This Michael Rosato mural captures Crisfield, Md.'s crab industry. Photo: Crisfield Arts and Entertainment District

Crisfield Unveils Mural Honoring Seafood Workers

On Friday, Nov. 5 the Crisfield Seafood Workers Mural was dedicated in front of an audience of state, local officials and community members. It’s a larger-than-life way to honor those who moved the town’s seafood industry forward. And you may recognize the work from the artist who created it: the man behind the arresting mural of Harriet Tubman with her arm outstretched in Cambridge.

The mural was seen as a way to both honor the workers and to increase tourism to the Somerset County town. Because visitors come to Crisfield for crabs, a crab pickers’ mural seemed like the logical choice. With input from the community the original idea evolved into the creation of a seafood workers mural inclusive of everyone who worked on the water or in related industries.

“Hurricane” Hazel Cropper stands below the mural that depicts her. Photo: Crisfield Arts & Entertainment

When its original location was destroyed by winds from the remnants of Hurricane Isaias in 2020, the mural found a new home on 413 Main Street. According to Jennifer Merritt, Crisfield Arts and Entertainment District Coordinator, the Greater Crisfield Action Coalition and the Crisfield Arts and Entertainment worked together to secure funds for the mural’s creation. Town Councilman Eric Banks and Darlene Taylor of the Coalition served as project leaders. “She’s inspirational,”  Merritt says of Taylor. “It would not have happened without her.”

Both Councilman Banks and Taylor have first hand knowledge of what it’s like to work in the seafood industry. Both were crab pickers in their youth—Taylor from the age of 9 until she left home for college. (Children worked at a special table at the entrance picking claws until they were old enough to go inside). Taylor’s mother spent her entire working life in the industry and her father cooked crabs for as long as she can remember.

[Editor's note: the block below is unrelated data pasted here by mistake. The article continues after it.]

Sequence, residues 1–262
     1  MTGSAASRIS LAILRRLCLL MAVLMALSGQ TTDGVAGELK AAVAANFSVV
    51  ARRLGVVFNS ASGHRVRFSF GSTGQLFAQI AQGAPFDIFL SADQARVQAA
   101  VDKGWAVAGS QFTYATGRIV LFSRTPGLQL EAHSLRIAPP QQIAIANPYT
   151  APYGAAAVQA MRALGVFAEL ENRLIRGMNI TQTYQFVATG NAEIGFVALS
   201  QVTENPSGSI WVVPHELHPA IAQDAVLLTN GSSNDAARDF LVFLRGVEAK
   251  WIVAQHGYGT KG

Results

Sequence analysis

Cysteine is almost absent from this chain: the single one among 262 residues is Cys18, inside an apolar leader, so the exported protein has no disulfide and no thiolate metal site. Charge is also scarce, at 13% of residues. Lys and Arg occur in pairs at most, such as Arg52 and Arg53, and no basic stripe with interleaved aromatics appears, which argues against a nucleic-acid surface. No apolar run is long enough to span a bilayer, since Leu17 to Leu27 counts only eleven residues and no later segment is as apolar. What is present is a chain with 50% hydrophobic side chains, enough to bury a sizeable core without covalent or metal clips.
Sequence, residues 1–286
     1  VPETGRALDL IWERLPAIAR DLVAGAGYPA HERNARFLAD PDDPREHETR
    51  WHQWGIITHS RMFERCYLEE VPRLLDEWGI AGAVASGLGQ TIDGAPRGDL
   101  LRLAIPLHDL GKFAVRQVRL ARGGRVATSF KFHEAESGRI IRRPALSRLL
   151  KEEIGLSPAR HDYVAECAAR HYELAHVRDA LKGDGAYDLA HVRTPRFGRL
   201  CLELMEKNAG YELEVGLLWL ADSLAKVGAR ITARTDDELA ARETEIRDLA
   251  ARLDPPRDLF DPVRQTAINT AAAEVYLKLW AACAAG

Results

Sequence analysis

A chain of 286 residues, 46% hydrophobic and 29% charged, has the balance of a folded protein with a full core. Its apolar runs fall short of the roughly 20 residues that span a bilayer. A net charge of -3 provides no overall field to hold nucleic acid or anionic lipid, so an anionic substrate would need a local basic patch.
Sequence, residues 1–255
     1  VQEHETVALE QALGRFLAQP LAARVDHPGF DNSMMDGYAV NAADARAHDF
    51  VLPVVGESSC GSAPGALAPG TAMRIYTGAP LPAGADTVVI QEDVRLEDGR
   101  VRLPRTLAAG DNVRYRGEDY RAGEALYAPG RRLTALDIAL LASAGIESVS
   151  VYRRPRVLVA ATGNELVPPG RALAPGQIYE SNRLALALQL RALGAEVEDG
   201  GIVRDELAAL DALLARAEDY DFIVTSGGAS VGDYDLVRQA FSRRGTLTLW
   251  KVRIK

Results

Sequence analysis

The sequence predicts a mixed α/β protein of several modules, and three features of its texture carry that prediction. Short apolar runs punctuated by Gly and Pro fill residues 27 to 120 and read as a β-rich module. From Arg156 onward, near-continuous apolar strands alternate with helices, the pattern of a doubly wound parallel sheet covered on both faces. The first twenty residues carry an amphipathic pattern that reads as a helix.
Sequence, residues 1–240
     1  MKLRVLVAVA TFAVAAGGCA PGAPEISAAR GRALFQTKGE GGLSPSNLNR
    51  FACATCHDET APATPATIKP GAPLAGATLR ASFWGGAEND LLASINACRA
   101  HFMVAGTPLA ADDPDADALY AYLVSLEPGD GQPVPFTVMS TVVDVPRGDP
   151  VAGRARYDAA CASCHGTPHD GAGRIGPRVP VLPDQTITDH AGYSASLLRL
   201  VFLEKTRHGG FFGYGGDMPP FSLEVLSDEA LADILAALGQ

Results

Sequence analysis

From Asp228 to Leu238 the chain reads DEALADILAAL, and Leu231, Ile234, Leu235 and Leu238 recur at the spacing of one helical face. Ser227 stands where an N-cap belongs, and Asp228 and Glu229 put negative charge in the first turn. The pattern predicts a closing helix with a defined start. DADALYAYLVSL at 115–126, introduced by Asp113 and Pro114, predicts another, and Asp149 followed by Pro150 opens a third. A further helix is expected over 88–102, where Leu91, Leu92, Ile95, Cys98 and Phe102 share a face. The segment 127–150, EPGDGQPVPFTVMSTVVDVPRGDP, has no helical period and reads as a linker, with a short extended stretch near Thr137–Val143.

For this representation of seafood workers, there would be no images of drudgery, Taylor insisted. “It was hard work, but there was also joy,” she says. She recalls the 9 a.m. daily prayer time and gospel songs sung throughout the day. Older workers looked out for their younger co-workers, forming bonds as “play” mothers and daughters. Workers helped each other make their daily quota.

“It was the village that raised me,” she recalls. One of members of the village was Mrs. Hazel Cropper. Rightfully known as Hurricane Hazel, she’s a 16-time Crab Picking Champion at Crisfield’s annual Hard Crab Derby. At the mural’s unveiling, 83-year-old Cropper stood smiling under her image.

Of artist Michael Rosato, Taylor says she’s always been drawn to his work, especially the Pine Street and Harriet Tubman Take My Hand murals, both in Cambridge. She had no idea he would be the artist commissioned to bring their vision to life. “Jennifer Merritt made the connection,” she recalls. “His work on the mural was phenomenal. He really captured the souls of the people. He has a gift.” 

Rosato believes his work resonates with people because it reflects his love for the culture and people of the place he’s called home for 20 years. It’s also in the stories he tells through his art. He doesn’t just paint, he researches the stories, cultures and communities of his subjects. Most heartwarming is the reaction of children who see themselves and their stories reflected in his work. “It’s an American story,” he says simply. He believes there’s no one who can’t identify with something in these murals. “It’s  the true power of public art to tell the story of people, something we may not know about each other. Art has the ability to change minds, open doors and hearts.”

You can read more about the Crisfield Arts and Entertainment District and the Seafood Mural here.

Niambi Davis